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Let the Western Ghats be 'damned': A presentation on how dam building affects the ecology and social structure of these biodiversity spotsposted 8 years 9 months ago
These global biodiversity hotspots in the country, extraordinarily rich in plant and animal species, are being submerged in the name of development and growth. An overview of the dams built and proposed in this area.
River stories from Maharashtra: Many morals to learn
Parineeta Dandekar’s presentation began with an account of some statistics related to Maharashtra, the third largest state in India. Regarding the state of water resources in Maharashtra, she noted that of the five river basin systems, 55 percent of the dependable yield is available in the four river basins (Krishna, Godavari, Tapi and Narmada) east of the Western Ghats. These four river basins comprise 92 percent of the cultivable land and more than 60 percent of the population in rural areas. 45 percent of the state's water resources are from west flowing rivers which are mainly monsoon specific rivers emanating from the Western Ghats and draining into the Arabian Sea.
With 1821 large dams and more in the offing, Maharashtra has the maximum dams in the country (35.7%). However, the proportion of gross irrigated area vis a vis the gross cropped area at 17.8 percent is much lower than the national average of 44.6 percent. The contradictions from the state, which is home to the highest number of dams, were discussed. In nearly 70 percent of the state’s villages (around 27,600 villages), water is either not available within 500 metres distance, or within 15 metres below ground level or when available is not potable (World Bank, Promoting Agricultural Growth in Maharashtra, Volume 1, 2003).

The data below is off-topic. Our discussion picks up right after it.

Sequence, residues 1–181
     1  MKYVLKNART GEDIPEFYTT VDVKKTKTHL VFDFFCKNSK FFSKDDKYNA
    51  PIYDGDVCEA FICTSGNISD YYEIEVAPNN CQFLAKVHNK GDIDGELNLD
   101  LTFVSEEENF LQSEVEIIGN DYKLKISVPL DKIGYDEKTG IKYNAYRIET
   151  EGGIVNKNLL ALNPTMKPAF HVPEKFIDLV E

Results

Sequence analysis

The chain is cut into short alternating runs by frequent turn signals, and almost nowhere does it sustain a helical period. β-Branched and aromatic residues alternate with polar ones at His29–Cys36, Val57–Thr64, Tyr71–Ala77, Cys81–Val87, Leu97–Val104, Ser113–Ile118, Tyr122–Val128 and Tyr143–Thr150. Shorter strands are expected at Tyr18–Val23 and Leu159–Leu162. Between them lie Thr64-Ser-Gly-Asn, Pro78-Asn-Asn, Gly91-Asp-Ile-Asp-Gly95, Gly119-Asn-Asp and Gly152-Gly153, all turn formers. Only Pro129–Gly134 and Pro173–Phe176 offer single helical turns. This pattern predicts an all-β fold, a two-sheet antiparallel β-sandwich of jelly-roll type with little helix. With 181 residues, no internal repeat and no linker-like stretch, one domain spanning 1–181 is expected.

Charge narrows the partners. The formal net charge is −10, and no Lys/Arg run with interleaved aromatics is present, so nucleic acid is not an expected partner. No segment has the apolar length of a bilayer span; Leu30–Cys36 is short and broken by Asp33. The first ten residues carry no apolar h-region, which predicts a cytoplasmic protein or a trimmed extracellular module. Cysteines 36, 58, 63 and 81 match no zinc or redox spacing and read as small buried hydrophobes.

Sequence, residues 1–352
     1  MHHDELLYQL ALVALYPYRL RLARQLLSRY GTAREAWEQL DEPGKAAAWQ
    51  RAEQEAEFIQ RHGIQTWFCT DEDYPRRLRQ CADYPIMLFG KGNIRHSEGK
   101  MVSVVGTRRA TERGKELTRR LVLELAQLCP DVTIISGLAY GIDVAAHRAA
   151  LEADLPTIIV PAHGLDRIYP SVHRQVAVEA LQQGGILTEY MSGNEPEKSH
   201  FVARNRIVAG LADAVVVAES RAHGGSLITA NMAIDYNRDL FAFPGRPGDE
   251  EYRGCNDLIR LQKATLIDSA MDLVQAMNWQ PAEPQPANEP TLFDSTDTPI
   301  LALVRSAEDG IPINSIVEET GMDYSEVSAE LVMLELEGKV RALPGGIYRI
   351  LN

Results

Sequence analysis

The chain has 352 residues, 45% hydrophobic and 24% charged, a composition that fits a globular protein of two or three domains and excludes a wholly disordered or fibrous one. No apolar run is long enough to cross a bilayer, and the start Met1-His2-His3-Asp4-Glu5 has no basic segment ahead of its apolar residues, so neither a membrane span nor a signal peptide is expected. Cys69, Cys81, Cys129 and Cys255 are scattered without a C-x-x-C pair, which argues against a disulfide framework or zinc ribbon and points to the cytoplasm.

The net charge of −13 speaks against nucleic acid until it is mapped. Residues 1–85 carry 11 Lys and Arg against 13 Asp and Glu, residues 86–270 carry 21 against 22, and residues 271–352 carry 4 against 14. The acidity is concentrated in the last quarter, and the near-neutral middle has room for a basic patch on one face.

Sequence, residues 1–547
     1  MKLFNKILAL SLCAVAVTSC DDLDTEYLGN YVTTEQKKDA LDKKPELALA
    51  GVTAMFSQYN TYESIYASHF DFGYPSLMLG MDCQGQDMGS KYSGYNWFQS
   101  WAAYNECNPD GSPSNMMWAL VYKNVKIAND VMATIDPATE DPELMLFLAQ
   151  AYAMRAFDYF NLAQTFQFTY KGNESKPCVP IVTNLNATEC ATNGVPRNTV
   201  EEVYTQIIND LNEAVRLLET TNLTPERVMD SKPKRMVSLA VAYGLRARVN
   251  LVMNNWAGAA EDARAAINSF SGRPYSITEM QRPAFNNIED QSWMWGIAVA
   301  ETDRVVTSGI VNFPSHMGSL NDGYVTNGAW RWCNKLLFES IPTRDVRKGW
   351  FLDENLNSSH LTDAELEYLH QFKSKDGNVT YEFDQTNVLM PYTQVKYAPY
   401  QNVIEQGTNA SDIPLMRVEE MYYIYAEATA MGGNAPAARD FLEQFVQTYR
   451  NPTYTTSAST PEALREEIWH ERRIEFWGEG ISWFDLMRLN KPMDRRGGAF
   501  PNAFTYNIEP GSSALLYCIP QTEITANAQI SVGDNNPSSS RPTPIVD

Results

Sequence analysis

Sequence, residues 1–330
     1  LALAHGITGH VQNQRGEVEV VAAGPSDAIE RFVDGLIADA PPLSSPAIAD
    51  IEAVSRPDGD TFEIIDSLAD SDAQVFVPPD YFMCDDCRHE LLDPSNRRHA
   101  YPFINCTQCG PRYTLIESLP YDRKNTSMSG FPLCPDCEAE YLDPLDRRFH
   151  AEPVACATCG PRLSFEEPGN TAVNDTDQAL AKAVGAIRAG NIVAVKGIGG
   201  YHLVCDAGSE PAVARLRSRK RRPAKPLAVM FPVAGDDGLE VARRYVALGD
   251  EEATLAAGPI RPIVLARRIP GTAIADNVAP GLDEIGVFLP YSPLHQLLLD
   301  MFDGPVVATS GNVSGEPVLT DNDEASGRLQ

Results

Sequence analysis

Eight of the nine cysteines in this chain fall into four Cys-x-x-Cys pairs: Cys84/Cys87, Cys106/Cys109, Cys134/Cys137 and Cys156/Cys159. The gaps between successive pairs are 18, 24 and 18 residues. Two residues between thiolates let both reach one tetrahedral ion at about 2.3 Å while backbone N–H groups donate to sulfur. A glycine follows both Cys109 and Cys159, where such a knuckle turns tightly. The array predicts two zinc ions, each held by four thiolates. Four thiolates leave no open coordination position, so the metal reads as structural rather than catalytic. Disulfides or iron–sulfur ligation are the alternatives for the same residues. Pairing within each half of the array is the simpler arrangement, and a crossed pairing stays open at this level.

Dandekar discussed the World Bank funded Maharashtra Water Sector Improvement Project (MWSIP) initiated in 2005 whose main components were establishment, operationalisation and capacity building of Maharashtra Water Resources Regulatory Authority (MWRRA); establishment of river basin agencies in Maharashtra; and restructuring and capacity building of the Water Resources Department. The MWRRA Act (2005) has been amended, taking out the clause for equitable water distribution, and granting the Cabinet the rights to have the last say about water entitlements. This has led to a diversion of water for irrigation from the vulnerable, suicide-prone Vidarbha region to thermal power plants. According to Prayas, “entitlements of more than 1500 MCM have been changed from agriculture to industries and cities”.